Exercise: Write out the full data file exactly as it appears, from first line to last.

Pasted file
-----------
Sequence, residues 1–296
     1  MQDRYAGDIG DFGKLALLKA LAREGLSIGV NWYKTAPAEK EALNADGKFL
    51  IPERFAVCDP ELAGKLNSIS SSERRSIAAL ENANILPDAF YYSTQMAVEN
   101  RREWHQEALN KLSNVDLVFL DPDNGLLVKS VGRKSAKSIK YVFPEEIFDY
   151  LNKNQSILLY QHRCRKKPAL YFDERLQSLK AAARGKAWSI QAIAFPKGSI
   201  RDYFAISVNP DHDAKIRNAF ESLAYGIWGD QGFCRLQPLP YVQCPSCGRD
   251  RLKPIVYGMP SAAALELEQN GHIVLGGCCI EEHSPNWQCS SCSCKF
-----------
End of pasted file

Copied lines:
Sequence, residues 1–296
     1  MQDRYAGDIG DFGKLALLKA LAREGLSIGV NWYKTAPAEK EALNADGKFL
    51  IPERFAVCDP ELAGKLNSIS SSERRSIAAL ENANILPDAF YYSTQMAVEN
   101  RREWHQEALN KLSNVDLVFL DPDNGLLVKS VGRKSAKSIK YVFPEEIFDY
   151  LNKNQSILLY QHRCRKKPAL YFDERLQSLK AAARGKAWSI QAIAFPKGSI
   201  RDYFAISVNP DHDAKIRNAF ESLAYGIWGD QGFCRLQPLP YVQCPSCGRD
   251  RLKPIVYGMP SAAALELEQN GHIVLGGCCI EEHSPNWQCS SCSCKF